Skin Cancer – Treatment of Skin Lesions – Gold Coast Queensland
Since January 2021, Dr Doyle has decided to focus purely on cosmetic surgery – he no longer offers skin cancer surgery.
We recommend Plastic Surgeon Dr Mark Rahman who has rooms next door at the John Flynn Hospital. He can be contacted on 1 300 921 500 between 8:30 am and 5 pm weekdays.
The sunshine in Australia is beautiful but unfortunately, it has some side effects. Every year, people are affected by sunspots and skin cancer in varying degrees. Up to 80% of all new cancer cases in Australia are skin cancer. In fact, Queensland remains the skin cancer capital of the world.
Removing skin lesions on the Gold Coast
Dr Doyle is experienced in detecting and removing these potentially life-threatening lesions. The excision of lesions is carried out in the rooms at our private practice, John Flynn Hospital or the Gold Coast Surgical Hospital. Whether this procedure is performed under a local or general anaesthetic is dependant on several factors, which will be discussed during your consultation.
There are three types of skin cancer that can be removed. Basal cell cancer has the least amount of margin removed because it’s not as aggressive as other types of skin cancer. Squamous cell required a wider margin because it’s more aggressive. Melanoma is the most harmful form of skin cancer. If your doctor believes that one of your skin growths appears harmful, it will be removed and sent off for testing.
Most skin lesion removals are straight forward, and patients are free to return to work. However, any activities that could damage the treated area should be avoided until it is healed. Every step will be taken to keep scarring to a minimum. If a more advanced extraction is required, recovery will be minimal, and patients will only need to be at home for a day or two.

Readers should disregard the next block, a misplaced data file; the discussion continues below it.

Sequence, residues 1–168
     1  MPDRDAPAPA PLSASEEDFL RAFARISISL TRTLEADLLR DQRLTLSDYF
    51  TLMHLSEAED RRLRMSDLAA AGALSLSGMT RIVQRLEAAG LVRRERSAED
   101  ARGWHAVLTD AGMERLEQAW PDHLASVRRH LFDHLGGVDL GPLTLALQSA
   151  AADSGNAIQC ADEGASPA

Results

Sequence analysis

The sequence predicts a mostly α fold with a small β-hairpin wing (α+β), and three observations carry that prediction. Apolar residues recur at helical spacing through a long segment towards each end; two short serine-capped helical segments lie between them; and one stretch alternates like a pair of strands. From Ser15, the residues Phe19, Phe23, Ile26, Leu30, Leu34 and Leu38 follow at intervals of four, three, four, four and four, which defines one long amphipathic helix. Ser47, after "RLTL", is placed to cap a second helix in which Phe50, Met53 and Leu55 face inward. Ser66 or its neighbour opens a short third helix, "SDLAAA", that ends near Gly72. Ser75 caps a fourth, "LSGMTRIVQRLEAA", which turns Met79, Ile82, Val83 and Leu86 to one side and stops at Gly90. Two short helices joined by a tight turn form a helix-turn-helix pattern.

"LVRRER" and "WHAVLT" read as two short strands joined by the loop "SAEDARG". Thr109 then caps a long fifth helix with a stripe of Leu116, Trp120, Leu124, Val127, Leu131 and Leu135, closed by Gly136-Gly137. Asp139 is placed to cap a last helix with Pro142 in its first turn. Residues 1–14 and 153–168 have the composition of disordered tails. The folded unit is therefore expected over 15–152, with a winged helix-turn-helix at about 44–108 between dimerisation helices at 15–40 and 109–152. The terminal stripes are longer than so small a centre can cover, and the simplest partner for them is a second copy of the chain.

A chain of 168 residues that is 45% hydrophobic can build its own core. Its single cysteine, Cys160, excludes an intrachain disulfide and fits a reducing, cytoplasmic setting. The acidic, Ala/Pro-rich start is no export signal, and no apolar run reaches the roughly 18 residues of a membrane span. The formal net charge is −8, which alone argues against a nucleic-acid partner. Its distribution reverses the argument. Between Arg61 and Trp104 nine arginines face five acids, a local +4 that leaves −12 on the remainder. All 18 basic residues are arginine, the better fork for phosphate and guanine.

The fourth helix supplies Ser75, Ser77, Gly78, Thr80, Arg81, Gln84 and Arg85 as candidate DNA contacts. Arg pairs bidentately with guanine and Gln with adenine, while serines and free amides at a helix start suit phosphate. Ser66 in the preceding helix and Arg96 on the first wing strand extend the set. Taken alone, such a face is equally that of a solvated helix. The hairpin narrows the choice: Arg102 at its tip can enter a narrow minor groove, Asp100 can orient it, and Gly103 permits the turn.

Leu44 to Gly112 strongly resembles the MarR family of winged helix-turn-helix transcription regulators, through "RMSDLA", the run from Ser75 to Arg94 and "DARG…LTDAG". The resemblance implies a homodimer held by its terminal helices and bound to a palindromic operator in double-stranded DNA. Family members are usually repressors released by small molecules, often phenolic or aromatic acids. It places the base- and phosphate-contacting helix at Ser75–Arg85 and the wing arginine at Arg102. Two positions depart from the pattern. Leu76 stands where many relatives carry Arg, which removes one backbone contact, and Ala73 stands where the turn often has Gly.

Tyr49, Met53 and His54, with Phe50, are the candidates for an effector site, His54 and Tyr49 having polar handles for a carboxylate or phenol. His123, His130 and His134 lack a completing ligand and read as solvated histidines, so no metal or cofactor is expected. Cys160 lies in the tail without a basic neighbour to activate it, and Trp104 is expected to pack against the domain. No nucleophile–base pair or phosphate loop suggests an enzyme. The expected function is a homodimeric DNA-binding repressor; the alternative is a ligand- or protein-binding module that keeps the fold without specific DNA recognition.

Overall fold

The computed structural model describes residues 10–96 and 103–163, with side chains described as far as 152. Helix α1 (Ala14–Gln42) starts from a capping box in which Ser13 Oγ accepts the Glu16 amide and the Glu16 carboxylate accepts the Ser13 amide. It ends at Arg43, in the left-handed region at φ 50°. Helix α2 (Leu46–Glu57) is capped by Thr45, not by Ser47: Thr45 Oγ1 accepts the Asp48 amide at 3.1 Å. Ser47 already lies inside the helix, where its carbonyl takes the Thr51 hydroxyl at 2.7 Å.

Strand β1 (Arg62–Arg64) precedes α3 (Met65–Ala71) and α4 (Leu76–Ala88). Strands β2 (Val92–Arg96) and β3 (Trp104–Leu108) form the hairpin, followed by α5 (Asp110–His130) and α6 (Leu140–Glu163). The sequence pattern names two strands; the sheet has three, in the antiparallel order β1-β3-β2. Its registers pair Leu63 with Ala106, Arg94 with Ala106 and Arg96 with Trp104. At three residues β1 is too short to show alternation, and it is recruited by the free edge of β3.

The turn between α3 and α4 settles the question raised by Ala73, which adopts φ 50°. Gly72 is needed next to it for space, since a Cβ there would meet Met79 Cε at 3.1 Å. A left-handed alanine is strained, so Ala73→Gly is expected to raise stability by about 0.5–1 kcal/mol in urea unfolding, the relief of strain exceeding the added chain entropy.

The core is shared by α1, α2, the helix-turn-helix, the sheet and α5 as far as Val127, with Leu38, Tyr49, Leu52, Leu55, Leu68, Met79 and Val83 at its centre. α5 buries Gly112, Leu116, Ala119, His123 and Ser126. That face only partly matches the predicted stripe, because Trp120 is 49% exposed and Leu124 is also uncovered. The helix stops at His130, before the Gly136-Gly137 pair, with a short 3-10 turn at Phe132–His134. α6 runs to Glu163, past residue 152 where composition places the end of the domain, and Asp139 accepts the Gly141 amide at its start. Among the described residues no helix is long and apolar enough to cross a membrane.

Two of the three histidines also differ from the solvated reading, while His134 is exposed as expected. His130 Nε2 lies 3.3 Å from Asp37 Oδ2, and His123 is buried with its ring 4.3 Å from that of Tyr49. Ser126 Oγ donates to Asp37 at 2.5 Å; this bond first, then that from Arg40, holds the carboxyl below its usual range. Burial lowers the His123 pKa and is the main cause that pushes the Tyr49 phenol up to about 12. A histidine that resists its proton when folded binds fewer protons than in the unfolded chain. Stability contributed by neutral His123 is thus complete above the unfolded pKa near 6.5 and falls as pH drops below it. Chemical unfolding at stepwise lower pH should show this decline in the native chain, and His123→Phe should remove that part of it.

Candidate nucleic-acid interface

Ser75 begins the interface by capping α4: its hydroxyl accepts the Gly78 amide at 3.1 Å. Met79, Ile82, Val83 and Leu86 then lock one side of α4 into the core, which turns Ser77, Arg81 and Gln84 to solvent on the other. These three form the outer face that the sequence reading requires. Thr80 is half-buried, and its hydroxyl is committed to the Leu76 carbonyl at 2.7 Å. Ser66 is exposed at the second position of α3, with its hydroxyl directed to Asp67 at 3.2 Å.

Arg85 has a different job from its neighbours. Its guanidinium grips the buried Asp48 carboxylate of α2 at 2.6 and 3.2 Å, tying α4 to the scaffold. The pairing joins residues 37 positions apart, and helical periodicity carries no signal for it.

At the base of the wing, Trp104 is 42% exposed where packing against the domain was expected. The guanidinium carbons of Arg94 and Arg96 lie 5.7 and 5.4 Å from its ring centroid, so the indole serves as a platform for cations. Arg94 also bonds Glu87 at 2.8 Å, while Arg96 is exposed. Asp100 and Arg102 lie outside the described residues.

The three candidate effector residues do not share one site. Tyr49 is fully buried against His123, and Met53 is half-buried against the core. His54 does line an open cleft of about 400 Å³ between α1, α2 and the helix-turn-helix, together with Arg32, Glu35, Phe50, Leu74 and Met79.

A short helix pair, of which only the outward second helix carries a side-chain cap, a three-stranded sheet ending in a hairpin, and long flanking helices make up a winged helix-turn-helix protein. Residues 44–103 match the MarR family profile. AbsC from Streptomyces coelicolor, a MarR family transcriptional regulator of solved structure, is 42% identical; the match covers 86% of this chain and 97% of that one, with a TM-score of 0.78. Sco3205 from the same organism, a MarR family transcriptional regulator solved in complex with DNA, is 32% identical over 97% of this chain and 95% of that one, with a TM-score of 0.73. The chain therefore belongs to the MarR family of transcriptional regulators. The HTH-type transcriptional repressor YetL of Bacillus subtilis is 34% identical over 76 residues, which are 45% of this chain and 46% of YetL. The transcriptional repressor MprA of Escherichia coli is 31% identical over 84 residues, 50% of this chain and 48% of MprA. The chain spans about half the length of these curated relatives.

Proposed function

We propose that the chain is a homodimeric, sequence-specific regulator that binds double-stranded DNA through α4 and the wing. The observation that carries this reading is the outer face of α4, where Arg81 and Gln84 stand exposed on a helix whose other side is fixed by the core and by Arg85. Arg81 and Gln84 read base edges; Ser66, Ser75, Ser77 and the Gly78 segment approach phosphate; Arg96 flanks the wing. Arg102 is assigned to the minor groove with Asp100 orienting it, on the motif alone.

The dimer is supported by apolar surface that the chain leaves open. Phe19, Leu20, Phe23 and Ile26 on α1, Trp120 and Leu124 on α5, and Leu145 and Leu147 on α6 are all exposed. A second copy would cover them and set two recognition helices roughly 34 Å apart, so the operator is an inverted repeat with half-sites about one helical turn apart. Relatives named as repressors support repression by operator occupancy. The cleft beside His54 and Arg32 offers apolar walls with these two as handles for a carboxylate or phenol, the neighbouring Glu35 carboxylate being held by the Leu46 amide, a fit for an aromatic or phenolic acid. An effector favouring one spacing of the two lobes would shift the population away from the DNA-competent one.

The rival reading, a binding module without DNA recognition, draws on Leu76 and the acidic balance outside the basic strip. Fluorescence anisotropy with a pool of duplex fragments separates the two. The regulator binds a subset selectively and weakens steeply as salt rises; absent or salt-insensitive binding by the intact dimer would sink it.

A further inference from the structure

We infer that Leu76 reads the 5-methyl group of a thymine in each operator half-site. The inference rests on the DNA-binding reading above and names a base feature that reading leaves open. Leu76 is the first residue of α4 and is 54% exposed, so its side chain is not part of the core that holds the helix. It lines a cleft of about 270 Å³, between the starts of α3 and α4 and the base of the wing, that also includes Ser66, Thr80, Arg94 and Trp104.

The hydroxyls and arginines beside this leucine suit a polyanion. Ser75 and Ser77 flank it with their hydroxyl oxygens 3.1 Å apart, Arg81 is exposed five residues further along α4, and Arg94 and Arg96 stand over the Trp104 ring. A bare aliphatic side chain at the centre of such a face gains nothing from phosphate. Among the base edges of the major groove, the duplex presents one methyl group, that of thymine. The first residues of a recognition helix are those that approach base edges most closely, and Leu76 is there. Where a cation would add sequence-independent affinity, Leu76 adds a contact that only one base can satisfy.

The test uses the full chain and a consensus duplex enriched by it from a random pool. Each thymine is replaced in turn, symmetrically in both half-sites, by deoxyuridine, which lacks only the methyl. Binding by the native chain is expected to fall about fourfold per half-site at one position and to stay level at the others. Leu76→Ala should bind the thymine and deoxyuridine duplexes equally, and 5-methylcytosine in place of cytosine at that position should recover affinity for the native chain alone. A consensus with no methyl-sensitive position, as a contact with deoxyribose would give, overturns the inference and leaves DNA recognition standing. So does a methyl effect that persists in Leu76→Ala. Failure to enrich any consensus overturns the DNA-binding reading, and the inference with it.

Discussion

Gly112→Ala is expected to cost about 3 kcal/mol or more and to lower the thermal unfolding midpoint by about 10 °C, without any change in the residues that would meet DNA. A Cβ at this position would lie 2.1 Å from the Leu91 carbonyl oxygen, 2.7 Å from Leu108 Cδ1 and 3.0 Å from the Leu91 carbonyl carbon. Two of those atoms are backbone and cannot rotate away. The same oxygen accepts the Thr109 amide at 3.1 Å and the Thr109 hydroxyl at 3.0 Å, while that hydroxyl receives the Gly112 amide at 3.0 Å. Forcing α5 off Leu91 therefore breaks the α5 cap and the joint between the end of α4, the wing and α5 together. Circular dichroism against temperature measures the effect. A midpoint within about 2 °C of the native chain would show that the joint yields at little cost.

In the event that a biopsied lesion is found to be cancerous, your doctor can recommend a specialist who can take you through your cancer treatment options.
Is it possible for skin cancer to return after removal?
It’s difficult not to be worried about skin cancer returning when you’ve gone through the process of having it removed. Patients who remove basal or squamous cell skin cancers can usually expect permanent results. However, the reality is that there is always a small risk that skin cancer can return in the form of a new lesion, especially if you’ve had cancer before. Your doctor will help you develop a treatment plan that will include regular skin checks. This alone will help decrease your risk of any lesions becoming harmful in the future. Your medical history and the current condition of your skin will help determine how often you should undergo skin examinations.
If you know that you’re at risk of developing new lesions, it’s important to protect your skin from the sun and to keep an eye on any skin changes.
How should I prepare for a skin lesion excision?
There isn’t too much that needs to be done prior to your procedure. Patients are encouraged to stop smoking the week before to assist with healing. There are also certain medications and supplements that may need to be avoided if they are known to thin your blood. Your doctor will discuss all these requirements with you during your consultation. If a general anaesthetic is required, you will need to arrange for someone to drive you home after your procedure.